A few weeks ago, I made the mistake of telling my girlfriend that I’d never seen either of the Bridget Jones movies. She talked me into watching them despite the fact that I was happy curling up with my worn-out copy of Charles Dickens’ The Pickwick Papers. As I sat watching it, mentally ticking off the thinly veiled Pride and Prejudice references, it occurred to me that I recently lived through the plot of a romantic comedy myself. Not with my girlfriend, if that’s what you’re thinking, but with the author of the tattered paperback in my hands.
Much like the heroine of almost every ‘Rom-Com’ I’ve ever seen, I was introduced to the dashing stranger that is Charles Dickens. Except instead of being presented to my love interest by an overbearing mother or best friend at a cocktail party, it was in a classroom by an overbearing teacher who slammed a copy of Great Expectations on the desk in front of me and told me to “begin at chapter one”. It’s at this point in the movie that tall-dark-and-handsome usually makes an asinine comment that greatly offends and alienates the protagonist. This entire novel was that asinine comment; long, drawn-out, devoid of morals and with scarcely a likeable character, I simply couldn’t engage and vowed I would never being even an acquaintance with this man, let alone anything more serious.
It is generally established that the next few scenes involve the hero living their life, hanging out with friends and even a few dalliances with other minor love interests who usually turn out to be very, very bad for you. For me, living my life was my A-Levels. My friends were comfortable reads like Mark Haddon, Terry Pratchett and the sassy quips of Jane Austen, all of whom naturally offer the comic relief. My dalliance? An ill-fated affair with the roguish playboy that is Leo Tolstoy, which left me tired, exhausted and with a pounding headache. Dickens came up in conversations now and again, awkwardly brought up by friends in pubs and pushed by teachers and parents as the better match. It was relatively easy to turn my nose up and ignore his dark, shadowy presence at the back of my mind. Then came the literary equivalent of what I like to call ‘the unavoidable moment’. You know the one! Maybe it’s a party where the hero can’t avoid the love interest any longer, maybe his best friend’s starts dating the sister, maybe an office mishap means they have to work together. This is kind of what happened to me, except for me it came in the form of a university reading list. “You must have read at least three works by this author” it loudly boasted. As I looked at his smug expression, curly hair and row-upon-row of densely typed script, my heart sank a little and I tried to ignore the slight arousal of my interest.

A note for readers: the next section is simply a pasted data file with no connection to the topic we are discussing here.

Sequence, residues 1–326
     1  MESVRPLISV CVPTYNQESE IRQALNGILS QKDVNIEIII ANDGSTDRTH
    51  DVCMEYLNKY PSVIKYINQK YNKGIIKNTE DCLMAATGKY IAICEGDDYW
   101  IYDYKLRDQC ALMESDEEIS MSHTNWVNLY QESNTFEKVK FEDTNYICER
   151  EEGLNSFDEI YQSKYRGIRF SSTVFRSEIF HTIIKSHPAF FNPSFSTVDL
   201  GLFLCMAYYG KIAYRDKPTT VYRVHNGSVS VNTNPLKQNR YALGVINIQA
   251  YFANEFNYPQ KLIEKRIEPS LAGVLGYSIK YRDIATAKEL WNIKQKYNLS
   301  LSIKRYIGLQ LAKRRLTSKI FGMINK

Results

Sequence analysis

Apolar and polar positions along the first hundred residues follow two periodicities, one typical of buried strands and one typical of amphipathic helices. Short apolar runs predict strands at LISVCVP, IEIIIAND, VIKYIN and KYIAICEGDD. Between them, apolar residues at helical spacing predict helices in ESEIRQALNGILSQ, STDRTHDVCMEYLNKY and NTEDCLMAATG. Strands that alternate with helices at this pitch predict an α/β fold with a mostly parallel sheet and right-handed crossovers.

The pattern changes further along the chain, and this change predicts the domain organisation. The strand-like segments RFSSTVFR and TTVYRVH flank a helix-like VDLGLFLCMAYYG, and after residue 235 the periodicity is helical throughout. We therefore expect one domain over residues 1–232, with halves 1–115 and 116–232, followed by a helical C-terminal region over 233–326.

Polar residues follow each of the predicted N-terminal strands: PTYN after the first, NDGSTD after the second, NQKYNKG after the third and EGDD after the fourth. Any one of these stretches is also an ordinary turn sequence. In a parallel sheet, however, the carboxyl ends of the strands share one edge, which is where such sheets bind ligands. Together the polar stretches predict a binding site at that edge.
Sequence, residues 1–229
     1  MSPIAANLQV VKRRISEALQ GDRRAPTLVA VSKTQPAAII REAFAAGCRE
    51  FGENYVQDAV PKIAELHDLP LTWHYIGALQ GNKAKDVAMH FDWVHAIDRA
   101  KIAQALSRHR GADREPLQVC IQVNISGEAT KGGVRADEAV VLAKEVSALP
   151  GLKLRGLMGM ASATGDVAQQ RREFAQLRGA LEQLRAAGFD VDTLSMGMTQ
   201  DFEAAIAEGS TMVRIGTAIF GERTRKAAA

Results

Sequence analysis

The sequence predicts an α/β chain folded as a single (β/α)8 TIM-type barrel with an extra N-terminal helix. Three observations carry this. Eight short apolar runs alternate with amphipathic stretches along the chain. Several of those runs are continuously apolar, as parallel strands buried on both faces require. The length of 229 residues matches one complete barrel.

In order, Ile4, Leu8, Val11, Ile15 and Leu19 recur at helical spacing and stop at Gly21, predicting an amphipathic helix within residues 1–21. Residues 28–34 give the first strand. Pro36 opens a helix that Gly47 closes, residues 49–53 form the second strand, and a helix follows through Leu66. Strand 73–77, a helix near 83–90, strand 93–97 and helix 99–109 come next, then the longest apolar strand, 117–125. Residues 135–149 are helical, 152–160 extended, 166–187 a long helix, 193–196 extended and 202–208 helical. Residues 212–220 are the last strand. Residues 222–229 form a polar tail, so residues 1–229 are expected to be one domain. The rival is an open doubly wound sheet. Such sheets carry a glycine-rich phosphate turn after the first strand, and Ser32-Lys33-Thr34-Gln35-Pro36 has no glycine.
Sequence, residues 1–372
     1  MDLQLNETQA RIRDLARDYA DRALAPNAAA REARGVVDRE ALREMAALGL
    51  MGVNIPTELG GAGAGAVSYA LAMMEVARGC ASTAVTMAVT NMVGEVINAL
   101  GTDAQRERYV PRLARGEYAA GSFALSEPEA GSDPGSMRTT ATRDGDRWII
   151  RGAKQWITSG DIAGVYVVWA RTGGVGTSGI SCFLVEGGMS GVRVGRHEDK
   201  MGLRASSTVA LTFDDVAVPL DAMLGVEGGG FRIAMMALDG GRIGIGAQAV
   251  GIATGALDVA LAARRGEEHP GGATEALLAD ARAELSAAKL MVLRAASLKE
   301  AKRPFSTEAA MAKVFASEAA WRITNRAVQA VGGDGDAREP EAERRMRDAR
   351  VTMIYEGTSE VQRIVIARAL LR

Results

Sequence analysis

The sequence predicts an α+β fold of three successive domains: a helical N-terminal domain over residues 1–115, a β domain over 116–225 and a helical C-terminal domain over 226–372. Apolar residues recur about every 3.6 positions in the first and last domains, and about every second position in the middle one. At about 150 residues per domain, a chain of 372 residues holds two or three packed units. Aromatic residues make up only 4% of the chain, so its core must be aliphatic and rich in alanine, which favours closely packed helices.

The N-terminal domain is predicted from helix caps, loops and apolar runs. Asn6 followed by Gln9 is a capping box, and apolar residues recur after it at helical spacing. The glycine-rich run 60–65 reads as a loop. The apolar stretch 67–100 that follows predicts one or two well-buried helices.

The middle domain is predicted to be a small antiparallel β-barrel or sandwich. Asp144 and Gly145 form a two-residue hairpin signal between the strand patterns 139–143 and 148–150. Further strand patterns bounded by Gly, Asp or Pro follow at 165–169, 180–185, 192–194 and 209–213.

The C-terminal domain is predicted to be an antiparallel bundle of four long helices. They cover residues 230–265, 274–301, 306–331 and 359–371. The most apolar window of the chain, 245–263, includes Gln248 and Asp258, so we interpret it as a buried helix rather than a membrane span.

During this stage, Bridget Jones starts to notice the more redeeming qualities of Mark Darcy instead of viewing him as a pompous arse. The same was happening for me and Charlie. Instead of the drab, dour and fundamentally elitist man who offered me Great Expectations, I met het intelligent, thoughtful author of A Tale of Two Cities, the cheeky, comedic journalist that penned Sketches by Boz and shrewd, perceptive and passionate social campaigner behind Bleak House. I was starting, it seemed, to see things from his point of view.
Every romantic comedy seems to end with a big reveal. When the past sins of tall-dark-and-handsome are explained away in a perfectly justified soliloquy. The protagonist curses themselves for being so judgemental. Finally, the two fall in love. I found my justification when reading a biography of Charles Dickens. It told me that when his stories were published in magazines, the guy was paid by the word. I’d objected to him on the grounds that he was long-winded, overly descriptive and a little boring, but I got it now! Of course he was going to ramble on for ages, it was earning him the money to buy his family food! It was admirable! Heck, if I was paid by the word, my novels would be twice the length even of Dombey and Sons! Suddenly, there was a brand new man stood before me! Suddenly, I understood him, respected him even. He was only trying to make a living. Finally, I could open up my heart to this intriguing author and let my love develop.
There’ll be a proposal of course, as long as it’s better than the dreadful, fumbling attempt of Mr Headstone in Our Mutual Friend. As for the sequel, well it’s obvious isn’t it? I’ll find out what he did to Nancy in Oliver Twist and angry and heartbroken I’ll end our relationship, subsequently struggling to forgive him before he wins me back with The Christmas Books.